Essays on Cold War

Introduction for Essay

The Cold War represented a prolonged period of economic, political, military, and social conflict between the United States and the Soviet Union. This strife lasted for several decades, ending only when the Soviet Union dissolved. Triggered by mutual threats and propaganda, the Cold War led to the fear of nuclear disaster and the emergence of anti-communist sentiment in both countries.

Research Paper on the Cold War

In the political sphere, the Cold War was marked by America’s determination to prevent the spread of Soviet communism to neighboring countries. By the war’s end, American officials concurred that the most effective defense strategy was “containment,” a policy designed to curb Soviet expansion.

The social aspect of the Cold War was embodied in the Yalta Conference, the second meeting of British Prime Minister Winston Churchill, Soviet Leader Joseph Stalin, and U.S. President Franklin D. Roosevelt. During the conference, the three leaders resolved to demand Germany’s unconditional surrender.

Economically, the Cold War was manifested through the Berlin Blockade, a Soviet attempt to restrict the ability of France, Great Britain, and the United States to access their sectors of Berlin. Russia further enforced the blockade by shutting down all highways, railroads, and canals from Germany into Berlin.

In military terms, the Cold War saw the erection of the Iron Curtain, a barrier created by the Soviet Union post-World War II to isolate itself from the West and other non-communist areas.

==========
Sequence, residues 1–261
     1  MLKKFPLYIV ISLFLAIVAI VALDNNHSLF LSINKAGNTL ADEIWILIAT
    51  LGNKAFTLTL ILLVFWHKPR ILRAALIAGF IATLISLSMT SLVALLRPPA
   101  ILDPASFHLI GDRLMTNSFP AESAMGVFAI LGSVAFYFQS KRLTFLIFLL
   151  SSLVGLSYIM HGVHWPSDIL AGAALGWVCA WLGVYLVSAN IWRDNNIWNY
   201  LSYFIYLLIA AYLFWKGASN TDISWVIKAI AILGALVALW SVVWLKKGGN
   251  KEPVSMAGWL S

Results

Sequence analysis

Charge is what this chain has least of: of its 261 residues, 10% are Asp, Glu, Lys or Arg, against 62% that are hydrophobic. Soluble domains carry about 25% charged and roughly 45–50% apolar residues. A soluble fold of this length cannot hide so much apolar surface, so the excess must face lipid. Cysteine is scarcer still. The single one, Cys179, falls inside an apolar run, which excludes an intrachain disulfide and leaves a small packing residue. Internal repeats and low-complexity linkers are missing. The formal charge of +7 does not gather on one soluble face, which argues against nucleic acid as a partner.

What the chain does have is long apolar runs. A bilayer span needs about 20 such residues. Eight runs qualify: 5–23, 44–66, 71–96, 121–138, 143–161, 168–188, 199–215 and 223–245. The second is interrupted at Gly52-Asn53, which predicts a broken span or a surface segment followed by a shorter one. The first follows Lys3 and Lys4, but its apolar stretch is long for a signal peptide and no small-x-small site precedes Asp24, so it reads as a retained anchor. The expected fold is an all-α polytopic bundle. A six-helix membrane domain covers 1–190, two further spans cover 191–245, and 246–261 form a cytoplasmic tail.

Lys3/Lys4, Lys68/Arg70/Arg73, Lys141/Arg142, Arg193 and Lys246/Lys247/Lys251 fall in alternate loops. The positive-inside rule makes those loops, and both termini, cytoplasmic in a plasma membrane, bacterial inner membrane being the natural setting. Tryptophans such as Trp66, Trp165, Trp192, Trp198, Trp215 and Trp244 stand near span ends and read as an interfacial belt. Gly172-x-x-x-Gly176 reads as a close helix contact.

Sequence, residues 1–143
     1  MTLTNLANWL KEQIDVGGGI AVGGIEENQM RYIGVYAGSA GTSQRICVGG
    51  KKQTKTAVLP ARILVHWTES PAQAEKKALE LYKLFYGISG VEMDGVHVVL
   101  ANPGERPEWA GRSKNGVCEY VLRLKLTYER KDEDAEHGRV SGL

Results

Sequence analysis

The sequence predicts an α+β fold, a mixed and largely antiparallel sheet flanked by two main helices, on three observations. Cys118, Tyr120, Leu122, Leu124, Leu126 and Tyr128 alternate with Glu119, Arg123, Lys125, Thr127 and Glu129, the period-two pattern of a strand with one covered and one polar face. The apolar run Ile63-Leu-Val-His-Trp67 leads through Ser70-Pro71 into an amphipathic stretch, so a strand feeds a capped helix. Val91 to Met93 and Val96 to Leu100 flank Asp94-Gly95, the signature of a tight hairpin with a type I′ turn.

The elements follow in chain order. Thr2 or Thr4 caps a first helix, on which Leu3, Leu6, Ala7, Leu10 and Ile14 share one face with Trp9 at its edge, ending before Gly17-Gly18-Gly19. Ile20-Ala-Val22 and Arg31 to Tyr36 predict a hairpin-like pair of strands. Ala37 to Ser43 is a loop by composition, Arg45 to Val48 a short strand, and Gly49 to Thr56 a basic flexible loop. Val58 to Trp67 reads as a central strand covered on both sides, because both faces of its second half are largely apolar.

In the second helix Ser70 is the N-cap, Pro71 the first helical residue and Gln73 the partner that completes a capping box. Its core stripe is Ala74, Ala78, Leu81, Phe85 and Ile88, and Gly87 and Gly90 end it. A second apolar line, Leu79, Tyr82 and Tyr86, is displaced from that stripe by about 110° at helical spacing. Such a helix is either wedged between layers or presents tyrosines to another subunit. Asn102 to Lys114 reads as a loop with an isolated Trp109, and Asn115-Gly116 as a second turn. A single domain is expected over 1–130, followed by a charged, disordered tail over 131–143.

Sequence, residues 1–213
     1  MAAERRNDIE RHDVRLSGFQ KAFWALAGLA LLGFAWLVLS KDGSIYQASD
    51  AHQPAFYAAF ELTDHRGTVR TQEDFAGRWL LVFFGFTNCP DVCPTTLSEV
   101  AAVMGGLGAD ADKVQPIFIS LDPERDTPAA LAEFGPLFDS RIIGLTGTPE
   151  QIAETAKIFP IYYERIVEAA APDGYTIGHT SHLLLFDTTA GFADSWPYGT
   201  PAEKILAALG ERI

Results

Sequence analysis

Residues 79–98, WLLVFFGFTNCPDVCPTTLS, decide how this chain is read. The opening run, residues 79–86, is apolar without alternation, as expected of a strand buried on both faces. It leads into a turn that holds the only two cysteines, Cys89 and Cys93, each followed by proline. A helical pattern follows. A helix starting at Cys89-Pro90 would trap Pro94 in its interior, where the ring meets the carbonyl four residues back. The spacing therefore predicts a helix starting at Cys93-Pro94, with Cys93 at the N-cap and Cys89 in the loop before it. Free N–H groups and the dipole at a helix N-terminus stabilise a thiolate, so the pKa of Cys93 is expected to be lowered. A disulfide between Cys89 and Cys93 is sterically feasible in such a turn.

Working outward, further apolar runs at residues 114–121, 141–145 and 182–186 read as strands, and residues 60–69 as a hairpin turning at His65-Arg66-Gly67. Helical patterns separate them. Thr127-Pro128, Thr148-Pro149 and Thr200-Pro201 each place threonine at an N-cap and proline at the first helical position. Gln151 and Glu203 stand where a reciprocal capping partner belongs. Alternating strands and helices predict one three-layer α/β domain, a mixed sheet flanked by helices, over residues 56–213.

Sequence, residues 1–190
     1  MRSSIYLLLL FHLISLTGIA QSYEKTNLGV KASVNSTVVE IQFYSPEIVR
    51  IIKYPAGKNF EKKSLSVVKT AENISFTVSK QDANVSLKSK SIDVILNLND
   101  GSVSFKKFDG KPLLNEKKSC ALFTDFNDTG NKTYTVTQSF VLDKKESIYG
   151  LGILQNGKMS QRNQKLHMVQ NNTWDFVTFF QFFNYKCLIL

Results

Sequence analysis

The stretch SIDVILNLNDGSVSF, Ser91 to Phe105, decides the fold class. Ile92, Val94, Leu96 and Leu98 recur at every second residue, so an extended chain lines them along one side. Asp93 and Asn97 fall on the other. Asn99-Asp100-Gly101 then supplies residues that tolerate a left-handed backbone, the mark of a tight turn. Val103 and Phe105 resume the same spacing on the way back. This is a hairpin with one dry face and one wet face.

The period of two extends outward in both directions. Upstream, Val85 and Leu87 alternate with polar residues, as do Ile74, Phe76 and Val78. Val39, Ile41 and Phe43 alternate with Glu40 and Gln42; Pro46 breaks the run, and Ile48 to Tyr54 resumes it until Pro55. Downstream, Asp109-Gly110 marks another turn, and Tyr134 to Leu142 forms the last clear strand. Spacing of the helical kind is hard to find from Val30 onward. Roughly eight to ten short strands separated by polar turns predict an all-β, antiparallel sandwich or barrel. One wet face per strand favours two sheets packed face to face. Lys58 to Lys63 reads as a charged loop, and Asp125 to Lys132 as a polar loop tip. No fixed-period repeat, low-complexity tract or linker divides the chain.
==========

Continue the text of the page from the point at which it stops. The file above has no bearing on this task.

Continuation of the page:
Argumentative Essay Examples on the Cold War

Both containment and the domino theory influenced U.S. foreign policy during the Cold War, as they were integral to defense strategies and preventing the spread of communism. For example, containment served as a defensive mechanism to thwart the spread of communism to other countries, an idea underpinning the domino theory. This theory posits that if one country adopts communism, others will follow suit. The “domino effect” was suggested by President Dwight D. Eisenhower due to the concerns of hesitant U.S. ambassadors. Presidents John F. Kennedy and Lyndon B. Johnson both invoked the domino theory to justify aid to South Vietnam.

U.S. foreign policy encompasses how the country interacts with other nations and establishes standards for international entities, corporations, and its own citizens. The four primary goals of U.S. foreign policy include preserving national security, promoting world peace, securing a global environment, and maintaining a balance of power among nations.

Thesis Statement for the Cold War